The booming US residential solar market is at a crossroads. It’s being supported like never before by expanded federal funding and fears of increasingly fragile grids and volatile fuel prices. But Solar is also facing unprecedented headwinds, including rising interest rates, cuts in government subsidies, a weaker economy, and historic rainstorms.
Investors got an early glimpse of which trend might prevail on Wednesday when SunPower Corp. ushered in a week-long period of three of the largest US residential solar companies reporting earnings. SunPower said it sees continued growth ahead of it. But the market was less optimistic as shares of SunPower and fellow home solar companies Sunnova Energy International Inc. and Sunrun Inc. have fallen at least 28% since President Biden signed into law the inflation-cutting bill in August.
“These are serious headwinds, but reversible headwinds,” said Pol Lezcano, an analyst at BloombergNEF. “There are opportunities for the industry to adapt to keep the market at a reasonably high level of activity.”
The bumpy start to the year follows a banner 2022. The U.S. residential solar sector almost certainly set an annual record for installations last year — potentially growing as much as 30%, Lezcano said. Even with a potential economic slowdown, 2023 could top last year’s stakes, though the country would find it harder to meet Biden’s lofty climate goals.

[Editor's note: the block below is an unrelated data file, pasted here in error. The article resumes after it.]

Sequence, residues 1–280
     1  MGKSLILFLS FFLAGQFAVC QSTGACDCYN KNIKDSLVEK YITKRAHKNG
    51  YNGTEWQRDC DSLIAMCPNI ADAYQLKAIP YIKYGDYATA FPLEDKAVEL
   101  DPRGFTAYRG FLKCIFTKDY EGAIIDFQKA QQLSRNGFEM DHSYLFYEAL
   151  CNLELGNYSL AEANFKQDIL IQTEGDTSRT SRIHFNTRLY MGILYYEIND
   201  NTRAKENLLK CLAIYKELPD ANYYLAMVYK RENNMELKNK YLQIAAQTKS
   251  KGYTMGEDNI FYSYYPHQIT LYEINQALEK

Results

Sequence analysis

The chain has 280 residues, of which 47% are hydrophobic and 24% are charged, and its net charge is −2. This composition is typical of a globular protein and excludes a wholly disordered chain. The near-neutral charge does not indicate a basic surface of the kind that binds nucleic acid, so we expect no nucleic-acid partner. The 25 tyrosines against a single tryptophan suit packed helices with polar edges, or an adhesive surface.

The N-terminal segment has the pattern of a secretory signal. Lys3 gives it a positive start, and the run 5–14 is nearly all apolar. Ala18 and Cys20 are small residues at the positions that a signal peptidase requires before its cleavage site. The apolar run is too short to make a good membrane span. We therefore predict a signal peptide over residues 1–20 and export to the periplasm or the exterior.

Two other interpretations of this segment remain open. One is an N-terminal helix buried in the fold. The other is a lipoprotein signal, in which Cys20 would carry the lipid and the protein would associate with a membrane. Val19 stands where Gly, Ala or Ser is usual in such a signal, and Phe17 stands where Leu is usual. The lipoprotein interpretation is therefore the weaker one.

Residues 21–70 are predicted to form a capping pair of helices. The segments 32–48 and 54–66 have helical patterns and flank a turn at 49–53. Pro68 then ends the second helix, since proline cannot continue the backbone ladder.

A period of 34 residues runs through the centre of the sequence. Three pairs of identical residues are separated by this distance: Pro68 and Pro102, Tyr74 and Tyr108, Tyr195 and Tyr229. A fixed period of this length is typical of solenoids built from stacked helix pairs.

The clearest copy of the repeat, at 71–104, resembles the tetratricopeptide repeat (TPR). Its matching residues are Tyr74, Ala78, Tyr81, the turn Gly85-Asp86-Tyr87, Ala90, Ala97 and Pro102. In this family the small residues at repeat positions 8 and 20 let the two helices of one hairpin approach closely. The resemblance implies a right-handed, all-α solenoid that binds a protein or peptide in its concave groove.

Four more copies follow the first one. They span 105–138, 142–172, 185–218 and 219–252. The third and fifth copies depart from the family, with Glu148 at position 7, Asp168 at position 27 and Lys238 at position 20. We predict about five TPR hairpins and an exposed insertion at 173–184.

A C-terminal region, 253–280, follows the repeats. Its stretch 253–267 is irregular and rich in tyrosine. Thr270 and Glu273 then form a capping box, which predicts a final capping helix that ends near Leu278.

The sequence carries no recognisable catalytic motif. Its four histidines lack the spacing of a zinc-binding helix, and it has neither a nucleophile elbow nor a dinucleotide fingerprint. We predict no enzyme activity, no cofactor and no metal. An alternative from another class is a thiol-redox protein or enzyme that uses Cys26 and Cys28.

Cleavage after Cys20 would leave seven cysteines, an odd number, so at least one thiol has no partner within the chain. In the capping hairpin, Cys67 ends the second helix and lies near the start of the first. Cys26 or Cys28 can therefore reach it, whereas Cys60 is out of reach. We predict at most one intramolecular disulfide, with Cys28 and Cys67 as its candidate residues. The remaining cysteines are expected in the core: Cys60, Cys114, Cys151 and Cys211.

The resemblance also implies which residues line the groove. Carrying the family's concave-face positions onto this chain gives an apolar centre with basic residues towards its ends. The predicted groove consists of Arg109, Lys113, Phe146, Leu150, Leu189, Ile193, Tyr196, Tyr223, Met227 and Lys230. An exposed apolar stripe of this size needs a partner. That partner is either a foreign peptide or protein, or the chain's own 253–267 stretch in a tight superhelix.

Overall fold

Hopes for an expanded deployment are bolstered by Biden’s new climate law, which will usher in billions of dollars in new clean energy finance. They are also helped by fuel costs, which have pushed up electricity prices in many regions, and potential power shortages, which have led to more frequent blackouts on grids like California and Texas.
“Utilities keep sending us new customers,” Sunnova chief executive John Berger said in an emailed statement. “Last year the price of electricity rose more than in the previous 10 years combined.”
At the same time, rising interest rates increase the cost of financing panel purchases. And California, by far the largest market in the US, is facing a deep cut in subsidies, heavy rains that slowed installations in January, and widespread layoffs in the tech industry, whose employees tend to be ideal solar customers.
Still, following a slowdown in bookings from mid-November to mid-December, SunPower CEO Peter Faricy is cautiously optimistic about 2023 after seeing growing demand in the first few weeks of the year.
“The signal is pretty positive at the moment,” he said in an interview late Wednesday. “All states are doing better than planned.”
Bloomberg writer Will Wade contributed to this report.